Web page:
Take it slow, treat people right, work hard and let it grow organically. You can't force everything on your time. Do the right things and eventually success will happen.
- Joseph's business advice to long-time friend, Adam Watson
The summer before I started at the University of Western (without any of my friends joining me), I was introduced to Joseph. We hit it off right away and Joseph told me not to worry; I’d have a friend when I showed up the first day at school. True to his word, he called me on that first day to make sure everything was okay. Joe was three years older than me and while most seniors would shy away from bringing a freshman kid along with them, Joseph did the opposite and our friendship quickly grew.
In my second year, the big project was to develop a business idea. My group’s concept was printing ads on dry cleaning garment bags and we ended up winning the case competition of over 200 business concepts. When I told Joseph about it, he immediately showed interest and suddenly, he and I were discussing how we could actually turn the idea into a real business. To this day, I still can’t believe he influenced me to leave university early and turn a class project into a business – it’s a testament to his leadership and the confidence he gave me. My life has been forever changed by those conversations in February 2005. Somehow, Joe’s passion and vision made it seem like the logical thing to do.
We named the company Statements Media and began making endless cold calls and driving into Toronto from London for meetings with potential clients in between classes (or instead of classes!) I look back on that now and don’t know how we ever did it with zero contacts or experience. Garment ad bags had never been done in Canada and we didn’t even have a sample to show people. We were laughed out of countless agencies and businesses but Joseph believed our concept was a good one.
After hundreds of calls, we finally got a hit. Before we knew it, Joseph and I had busy schedules, managing print orders, delivering bags and going to meetings with new clients. Nothing was beneath him and Joseph did countless little things to make the business work. I always admired that. Just like with school, Joseph made business look effortless. He had a natural ability to make the right decisions and people couldn’t help but gravitate towards him and his ideas. He was genuine, passionate and had a keen eye for what people wanted.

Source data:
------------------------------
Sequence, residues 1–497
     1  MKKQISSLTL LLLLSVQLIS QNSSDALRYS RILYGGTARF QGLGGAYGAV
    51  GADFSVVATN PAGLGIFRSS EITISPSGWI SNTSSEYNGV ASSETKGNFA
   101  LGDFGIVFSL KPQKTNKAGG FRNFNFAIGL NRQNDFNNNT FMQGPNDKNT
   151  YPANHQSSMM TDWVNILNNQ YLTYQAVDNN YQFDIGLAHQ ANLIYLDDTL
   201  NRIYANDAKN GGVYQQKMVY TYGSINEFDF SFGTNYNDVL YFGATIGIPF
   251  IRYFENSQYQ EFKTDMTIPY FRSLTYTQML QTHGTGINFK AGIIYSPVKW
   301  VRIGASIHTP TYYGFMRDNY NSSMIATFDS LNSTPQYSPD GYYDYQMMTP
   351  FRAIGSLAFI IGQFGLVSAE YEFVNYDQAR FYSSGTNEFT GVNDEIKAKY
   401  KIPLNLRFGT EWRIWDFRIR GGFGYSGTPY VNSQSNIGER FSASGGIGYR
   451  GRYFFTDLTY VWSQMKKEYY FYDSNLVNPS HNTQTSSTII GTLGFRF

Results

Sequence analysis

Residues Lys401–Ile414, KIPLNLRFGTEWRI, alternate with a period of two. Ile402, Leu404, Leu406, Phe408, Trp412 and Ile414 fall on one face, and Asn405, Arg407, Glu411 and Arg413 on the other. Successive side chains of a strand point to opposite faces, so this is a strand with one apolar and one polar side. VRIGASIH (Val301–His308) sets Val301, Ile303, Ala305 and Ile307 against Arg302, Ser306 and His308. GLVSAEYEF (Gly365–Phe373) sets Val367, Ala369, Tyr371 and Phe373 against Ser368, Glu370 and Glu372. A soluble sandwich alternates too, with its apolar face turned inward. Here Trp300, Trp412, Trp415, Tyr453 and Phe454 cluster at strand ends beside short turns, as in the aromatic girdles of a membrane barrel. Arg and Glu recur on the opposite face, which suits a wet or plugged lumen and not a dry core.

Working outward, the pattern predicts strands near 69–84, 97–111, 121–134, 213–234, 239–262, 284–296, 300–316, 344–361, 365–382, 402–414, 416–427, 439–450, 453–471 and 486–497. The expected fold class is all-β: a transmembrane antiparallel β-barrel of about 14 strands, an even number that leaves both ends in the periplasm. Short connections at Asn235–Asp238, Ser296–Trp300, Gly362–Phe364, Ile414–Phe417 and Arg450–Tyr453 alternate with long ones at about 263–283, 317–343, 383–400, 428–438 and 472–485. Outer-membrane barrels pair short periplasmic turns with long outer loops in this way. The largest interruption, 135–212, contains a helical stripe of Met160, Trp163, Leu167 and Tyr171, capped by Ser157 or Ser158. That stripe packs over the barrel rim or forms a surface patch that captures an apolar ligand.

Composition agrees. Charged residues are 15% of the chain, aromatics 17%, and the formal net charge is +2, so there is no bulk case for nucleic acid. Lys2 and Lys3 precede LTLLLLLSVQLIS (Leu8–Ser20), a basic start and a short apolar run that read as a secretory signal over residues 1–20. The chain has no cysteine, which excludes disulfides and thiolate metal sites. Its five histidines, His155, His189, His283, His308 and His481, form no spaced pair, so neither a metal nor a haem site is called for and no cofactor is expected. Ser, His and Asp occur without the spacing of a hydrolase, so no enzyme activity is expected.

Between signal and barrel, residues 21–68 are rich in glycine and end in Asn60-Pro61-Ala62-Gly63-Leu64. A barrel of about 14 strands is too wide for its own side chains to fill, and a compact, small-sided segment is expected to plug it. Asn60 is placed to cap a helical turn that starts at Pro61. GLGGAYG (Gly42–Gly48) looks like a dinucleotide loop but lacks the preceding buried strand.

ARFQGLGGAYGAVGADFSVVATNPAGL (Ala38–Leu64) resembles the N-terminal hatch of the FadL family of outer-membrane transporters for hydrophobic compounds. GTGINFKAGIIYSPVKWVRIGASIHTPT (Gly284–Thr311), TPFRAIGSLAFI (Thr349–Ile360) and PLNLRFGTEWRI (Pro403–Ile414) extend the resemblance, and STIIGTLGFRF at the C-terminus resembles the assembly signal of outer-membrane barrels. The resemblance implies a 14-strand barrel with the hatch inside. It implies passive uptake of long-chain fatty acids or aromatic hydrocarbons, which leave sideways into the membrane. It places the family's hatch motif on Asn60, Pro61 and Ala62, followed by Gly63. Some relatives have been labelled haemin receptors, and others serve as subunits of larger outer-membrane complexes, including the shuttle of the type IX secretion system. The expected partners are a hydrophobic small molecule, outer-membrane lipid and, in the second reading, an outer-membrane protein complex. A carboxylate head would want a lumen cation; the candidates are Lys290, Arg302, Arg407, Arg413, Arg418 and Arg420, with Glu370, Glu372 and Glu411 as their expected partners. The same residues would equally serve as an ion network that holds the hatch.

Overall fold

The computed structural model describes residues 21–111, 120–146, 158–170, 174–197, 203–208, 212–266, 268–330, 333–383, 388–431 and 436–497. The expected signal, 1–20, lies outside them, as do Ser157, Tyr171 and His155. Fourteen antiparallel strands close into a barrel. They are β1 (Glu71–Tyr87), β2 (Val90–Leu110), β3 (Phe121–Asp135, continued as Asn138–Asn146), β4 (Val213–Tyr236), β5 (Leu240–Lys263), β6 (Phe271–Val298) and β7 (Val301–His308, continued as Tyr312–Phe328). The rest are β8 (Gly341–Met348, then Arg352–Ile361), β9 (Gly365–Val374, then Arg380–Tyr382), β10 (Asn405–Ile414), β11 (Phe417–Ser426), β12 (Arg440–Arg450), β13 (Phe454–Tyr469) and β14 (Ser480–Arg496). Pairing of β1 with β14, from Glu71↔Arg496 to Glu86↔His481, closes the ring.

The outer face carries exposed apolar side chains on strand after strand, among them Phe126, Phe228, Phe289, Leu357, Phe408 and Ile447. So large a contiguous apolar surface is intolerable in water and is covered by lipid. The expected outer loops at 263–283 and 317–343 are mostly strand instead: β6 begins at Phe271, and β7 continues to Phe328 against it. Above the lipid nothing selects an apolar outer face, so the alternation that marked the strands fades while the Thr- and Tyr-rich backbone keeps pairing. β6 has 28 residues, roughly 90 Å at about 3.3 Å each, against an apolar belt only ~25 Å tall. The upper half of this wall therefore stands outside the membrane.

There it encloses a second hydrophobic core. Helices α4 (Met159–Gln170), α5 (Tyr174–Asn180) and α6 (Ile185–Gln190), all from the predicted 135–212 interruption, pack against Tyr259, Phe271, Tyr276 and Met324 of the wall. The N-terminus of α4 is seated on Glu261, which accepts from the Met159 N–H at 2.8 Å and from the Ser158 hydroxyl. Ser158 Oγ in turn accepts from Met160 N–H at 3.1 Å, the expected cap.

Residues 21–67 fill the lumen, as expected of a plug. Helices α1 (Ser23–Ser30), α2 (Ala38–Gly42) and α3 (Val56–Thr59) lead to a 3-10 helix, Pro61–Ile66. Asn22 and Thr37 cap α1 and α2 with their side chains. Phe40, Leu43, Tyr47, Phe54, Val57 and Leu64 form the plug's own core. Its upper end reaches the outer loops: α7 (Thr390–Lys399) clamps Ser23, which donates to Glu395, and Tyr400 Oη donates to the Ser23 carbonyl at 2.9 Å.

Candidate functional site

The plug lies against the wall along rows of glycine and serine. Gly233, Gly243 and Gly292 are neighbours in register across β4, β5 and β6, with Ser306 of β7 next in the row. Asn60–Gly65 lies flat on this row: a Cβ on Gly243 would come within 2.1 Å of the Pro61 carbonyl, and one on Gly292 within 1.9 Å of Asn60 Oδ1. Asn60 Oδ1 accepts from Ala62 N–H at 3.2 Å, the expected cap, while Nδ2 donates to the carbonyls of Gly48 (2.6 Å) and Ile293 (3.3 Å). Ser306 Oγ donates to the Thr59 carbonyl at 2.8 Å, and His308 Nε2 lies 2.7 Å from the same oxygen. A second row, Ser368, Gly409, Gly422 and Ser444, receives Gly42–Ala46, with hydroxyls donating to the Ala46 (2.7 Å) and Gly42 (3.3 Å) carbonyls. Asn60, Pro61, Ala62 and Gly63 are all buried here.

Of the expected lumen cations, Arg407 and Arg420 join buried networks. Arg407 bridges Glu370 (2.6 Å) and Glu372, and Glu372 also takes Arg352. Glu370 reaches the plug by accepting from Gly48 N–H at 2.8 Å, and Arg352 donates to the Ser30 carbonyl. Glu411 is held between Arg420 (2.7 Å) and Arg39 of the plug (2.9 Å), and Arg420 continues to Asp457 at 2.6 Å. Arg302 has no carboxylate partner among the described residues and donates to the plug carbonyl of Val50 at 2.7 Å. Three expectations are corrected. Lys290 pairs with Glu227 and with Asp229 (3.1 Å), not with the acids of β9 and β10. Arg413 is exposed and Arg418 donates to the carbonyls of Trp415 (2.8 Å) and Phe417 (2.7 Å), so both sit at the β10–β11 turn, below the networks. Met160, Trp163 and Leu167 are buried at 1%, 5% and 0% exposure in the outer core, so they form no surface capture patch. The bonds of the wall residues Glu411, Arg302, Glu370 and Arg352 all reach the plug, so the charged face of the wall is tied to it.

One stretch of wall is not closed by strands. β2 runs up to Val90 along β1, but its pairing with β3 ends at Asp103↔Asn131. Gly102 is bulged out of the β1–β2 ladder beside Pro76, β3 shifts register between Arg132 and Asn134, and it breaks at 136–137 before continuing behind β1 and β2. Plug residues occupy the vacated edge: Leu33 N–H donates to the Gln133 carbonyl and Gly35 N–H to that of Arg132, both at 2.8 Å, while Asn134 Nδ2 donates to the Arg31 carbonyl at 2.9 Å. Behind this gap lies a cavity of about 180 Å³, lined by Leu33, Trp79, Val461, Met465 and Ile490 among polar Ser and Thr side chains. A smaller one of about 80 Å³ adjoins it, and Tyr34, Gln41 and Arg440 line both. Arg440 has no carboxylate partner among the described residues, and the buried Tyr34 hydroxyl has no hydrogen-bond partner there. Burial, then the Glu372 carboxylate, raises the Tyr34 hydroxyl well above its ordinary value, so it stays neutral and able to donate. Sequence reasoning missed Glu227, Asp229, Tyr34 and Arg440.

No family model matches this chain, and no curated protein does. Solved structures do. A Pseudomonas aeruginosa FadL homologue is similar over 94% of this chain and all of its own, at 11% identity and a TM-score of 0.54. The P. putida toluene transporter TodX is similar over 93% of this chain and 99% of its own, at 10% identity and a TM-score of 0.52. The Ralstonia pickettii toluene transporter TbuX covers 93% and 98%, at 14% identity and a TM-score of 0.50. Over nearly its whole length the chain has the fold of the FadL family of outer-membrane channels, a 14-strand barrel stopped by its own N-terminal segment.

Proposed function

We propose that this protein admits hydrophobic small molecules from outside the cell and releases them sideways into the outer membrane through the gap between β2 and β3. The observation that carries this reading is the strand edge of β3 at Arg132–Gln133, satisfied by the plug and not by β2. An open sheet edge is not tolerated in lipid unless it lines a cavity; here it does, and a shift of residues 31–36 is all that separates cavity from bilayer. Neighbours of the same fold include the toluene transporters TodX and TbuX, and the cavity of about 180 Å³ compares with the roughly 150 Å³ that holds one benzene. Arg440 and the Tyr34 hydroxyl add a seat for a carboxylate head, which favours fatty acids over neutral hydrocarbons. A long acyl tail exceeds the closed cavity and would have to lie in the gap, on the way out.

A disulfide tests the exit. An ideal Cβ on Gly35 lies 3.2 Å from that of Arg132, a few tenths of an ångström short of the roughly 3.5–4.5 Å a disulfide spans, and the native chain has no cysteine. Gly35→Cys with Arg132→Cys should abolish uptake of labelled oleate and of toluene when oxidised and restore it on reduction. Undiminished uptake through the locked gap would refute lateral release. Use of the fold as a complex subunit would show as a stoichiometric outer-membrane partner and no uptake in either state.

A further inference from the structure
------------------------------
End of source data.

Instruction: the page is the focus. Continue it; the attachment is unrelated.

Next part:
We ran Statements for nearly three years, selling hundreds of thousands of dollars’ worth of our ad bags. Ultimately, Joseph joined the family business but he always remained my go-to source for advice. We would meet for lunch weekly and bounce ideas off one another. I could be completely honest with him and I always knew I was getting honesty back. He remained just as motivating and encouraging over the past decade, sharing in my successes like they were his own – he always wanted those around him to do well.
Today, Statements Media has 10 employees and millions in annual sales, built on the original foundation that Joe created. I still can’t believe we turned a class project into a profitable business and, without Joseph, I would never have been running Statements 14 years later. A few years after we started Statements, the Richard Ivey School of Business did a case study on our company – a case that’s studied at business schools around the world. It was a real honour for us both.
Joe understood good things take time. He was never looking for shortcuts or quick dollars. And he had this natural ability to make people feel good about themselves and their ideas. Most of all, Joseph conducted business the same way he carried himself – always with integrity and class and it never took people long to recognize that in him, including me.
Thanks for everything, Joe.